The Commission also observes that, in addition to these models, there may still be scope to consider other mechanisms for funding infrastructure. There are large differences in how infrastructure is funded in various sectors and there are some contemporary issues to consider with infrastructure funding in New Zealand. Examples of these issues include the exemption of Crown land from paying general rates (taking away from repayments on funding) and the requirement for the Crown and local authorities to fund depreciation on their assets. There are also important issues to consider around intergenerational equity and how infrastructure is paid for (ranging from revenue streams paid by end users to non-commercial public funding through taxation and rates).
The Commission is seeking feedback around what the Government at both local and central level could do to make better use of existing funding and financing tools to deliver on infrastructure projects, and whether existing funding and financing tools are suitable for responding to today's infrastructure challenges.
Another recurring theme is reform of Three Waters infrastructure. The Commission calls for management of drinking water, stormwater and wastewater to proactively enable urban development. Linking to the ongoing Three Waters reform, the Commission discusses the establishment of an economic regulator for the sector, empowered with the ability to allow new water entities to use their balance sheet capacity to finance infrastructure for growth. Also discussed is the need to clarify the interface between new water entities and developer-financed water infrastructure, and ensure that developers can benefit appropriately from the provision of three waters infrastructure that has spare capacity.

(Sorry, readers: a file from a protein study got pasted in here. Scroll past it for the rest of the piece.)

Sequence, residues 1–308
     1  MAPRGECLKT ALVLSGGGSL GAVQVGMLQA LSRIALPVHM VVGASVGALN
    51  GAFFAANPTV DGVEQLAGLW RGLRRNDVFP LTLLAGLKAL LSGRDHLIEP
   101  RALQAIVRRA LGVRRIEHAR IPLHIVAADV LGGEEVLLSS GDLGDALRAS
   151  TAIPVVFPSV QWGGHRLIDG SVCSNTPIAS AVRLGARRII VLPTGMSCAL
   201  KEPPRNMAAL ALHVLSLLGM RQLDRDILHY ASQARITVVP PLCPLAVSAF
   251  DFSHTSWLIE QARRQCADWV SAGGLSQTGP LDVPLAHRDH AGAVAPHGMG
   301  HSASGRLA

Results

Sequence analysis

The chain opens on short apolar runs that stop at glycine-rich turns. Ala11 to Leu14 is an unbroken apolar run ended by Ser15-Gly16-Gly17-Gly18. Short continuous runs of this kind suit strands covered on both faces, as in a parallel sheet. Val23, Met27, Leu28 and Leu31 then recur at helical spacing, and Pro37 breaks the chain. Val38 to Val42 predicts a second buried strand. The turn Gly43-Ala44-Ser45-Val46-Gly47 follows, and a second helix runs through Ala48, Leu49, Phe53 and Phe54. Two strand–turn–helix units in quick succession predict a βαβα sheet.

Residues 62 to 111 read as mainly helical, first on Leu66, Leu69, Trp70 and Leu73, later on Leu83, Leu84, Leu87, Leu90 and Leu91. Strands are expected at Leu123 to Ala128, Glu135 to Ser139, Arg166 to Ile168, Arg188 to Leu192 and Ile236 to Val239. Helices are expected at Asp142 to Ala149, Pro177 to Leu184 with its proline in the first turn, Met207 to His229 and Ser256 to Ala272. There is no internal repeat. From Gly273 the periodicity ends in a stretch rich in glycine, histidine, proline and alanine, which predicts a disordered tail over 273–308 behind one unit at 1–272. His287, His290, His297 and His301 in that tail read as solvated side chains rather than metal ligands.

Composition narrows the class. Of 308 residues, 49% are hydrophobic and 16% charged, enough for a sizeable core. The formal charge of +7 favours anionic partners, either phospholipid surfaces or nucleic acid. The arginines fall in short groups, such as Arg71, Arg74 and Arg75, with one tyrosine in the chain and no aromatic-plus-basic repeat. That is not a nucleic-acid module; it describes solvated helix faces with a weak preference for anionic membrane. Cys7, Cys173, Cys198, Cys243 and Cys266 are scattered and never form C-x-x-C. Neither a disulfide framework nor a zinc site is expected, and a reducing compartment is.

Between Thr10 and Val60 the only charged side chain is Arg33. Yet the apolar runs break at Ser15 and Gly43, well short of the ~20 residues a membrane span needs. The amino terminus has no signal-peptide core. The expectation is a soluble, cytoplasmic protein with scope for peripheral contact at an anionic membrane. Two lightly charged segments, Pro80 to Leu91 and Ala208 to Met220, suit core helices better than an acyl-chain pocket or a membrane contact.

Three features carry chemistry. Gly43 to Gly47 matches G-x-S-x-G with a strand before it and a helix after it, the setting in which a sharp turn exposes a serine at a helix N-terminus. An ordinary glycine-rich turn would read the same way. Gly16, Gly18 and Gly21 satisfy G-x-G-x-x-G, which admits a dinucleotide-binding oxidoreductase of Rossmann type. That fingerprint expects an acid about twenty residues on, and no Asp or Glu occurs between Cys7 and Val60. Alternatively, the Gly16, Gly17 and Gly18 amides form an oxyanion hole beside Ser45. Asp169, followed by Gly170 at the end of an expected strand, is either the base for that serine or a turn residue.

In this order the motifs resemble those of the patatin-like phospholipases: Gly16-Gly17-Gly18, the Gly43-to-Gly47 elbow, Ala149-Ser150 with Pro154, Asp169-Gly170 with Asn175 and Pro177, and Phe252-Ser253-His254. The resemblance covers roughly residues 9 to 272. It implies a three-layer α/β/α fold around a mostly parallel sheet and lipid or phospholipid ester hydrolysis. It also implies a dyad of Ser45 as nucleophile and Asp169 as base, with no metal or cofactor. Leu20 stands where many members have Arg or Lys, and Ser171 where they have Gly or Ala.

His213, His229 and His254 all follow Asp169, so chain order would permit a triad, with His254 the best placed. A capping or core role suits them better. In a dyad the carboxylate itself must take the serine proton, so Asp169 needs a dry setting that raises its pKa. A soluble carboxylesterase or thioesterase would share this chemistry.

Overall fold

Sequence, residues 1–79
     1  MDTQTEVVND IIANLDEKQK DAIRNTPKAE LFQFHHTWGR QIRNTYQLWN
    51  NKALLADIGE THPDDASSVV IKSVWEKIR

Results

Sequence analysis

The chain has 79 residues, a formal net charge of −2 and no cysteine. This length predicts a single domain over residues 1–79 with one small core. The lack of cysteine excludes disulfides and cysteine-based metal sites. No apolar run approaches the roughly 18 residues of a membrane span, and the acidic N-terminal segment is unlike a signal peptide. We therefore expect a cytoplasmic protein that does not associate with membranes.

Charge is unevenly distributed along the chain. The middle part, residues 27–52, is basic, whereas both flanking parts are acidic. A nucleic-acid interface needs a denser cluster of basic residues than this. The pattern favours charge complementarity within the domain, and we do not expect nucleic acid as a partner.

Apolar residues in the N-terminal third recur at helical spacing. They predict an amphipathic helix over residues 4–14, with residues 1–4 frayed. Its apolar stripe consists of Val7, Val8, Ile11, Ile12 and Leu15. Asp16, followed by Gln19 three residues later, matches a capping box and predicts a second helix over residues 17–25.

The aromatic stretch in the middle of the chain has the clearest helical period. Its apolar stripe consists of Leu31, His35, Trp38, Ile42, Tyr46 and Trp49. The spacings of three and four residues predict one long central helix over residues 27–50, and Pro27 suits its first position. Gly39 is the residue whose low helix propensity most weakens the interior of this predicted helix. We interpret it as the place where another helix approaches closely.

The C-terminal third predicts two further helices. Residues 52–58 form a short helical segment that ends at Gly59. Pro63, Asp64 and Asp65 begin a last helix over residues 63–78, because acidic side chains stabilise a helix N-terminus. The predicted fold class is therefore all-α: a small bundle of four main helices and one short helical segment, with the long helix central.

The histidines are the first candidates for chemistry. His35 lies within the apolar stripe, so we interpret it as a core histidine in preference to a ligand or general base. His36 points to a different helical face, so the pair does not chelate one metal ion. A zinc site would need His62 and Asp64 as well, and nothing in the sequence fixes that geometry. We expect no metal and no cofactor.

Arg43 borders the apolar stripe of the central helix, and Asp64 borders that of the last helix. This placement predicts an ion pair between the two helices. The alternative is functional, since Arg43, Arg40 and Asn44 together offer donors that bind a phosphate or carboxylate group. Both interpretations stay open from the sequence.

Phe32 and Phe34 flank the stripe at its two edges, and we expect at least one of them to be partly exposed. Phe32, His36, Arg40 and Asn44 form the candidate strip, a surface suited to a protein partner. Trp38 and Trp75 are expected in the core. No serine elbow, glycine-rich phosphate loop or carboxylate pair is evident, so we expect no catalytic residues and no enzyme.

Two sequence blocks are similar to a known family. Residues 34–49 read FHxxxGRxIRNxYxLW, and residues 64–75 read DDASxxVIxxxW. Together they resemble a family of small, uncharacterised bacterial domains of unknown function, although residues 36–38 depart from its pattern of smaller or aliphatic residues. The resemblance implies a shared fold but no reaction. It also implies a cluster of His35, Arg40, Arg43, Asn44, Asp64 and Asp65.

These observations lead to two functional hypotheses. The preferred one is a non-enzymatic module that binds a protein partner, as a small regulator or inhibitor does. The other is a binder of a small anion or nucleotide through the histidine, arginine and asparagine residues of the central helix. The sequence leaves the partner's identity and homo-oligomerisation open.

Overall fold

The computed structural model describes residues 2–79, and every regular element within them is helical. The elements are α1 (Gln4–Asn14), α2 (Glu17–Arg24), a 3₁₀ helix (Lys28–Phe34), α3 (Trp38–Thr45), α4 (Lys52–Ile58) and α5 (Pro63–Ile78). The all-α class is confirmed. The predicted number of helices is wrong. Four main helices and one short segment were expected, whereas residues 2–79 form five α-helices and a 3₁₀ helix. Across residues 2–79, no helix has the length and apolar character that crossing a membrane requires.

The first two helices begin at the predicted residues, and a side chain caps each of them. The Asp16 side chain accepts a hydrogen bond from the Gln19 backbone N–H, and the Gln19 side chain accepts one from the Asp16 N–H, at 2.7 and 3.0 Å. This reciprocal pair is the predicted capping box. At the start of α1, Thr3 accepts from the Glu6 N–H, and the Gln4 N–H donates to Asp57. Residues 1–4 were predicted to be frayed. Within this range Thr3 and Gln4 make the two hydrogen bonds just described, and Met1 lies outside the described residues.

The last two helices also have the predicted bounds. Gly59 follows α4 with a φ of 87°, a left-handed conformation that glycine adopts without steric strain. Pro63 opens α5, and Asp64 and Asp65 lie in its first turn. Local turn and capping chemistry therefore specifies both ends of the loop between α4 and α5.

Supporting housing supply
Housing supply concerns permeate the entire document, with the Commission including a variety of suggestions to improve the quality and quantity of housing in New Zealand. Following the overarching theme of integration, calls for standardised national planning rules accompany the wider push for regional spatial planning and combined plans to improve future provision of housing. The intent is to enable authorities to pinpoint locations where planning restrictions considerably impact housing supply and set targets for housing development opportunities. The proposed approach does not necessarily require the construction of new infrastructure, instead utilising existing infrastructure where possible and adopting policies which increase competitiveness in urban land areas.
The Commission sees a strong need to optimise the planning process to formulate systems and standards that are consistent and coordinated. The Consultation Document cross references the current resource management reform process promoting the use of regional spatial plans and combined plans. Helpfully, the Commission raises the option of central Government funding and resourcing to support regional spatial plan development and seeks that funding arrangements be clarified as part of the reform process. Other options proposed by the Commission to aid in protecting land for further infrastructure are to extend the lapse period of designations to 10 years and to allow designations to be granted based on concept plans.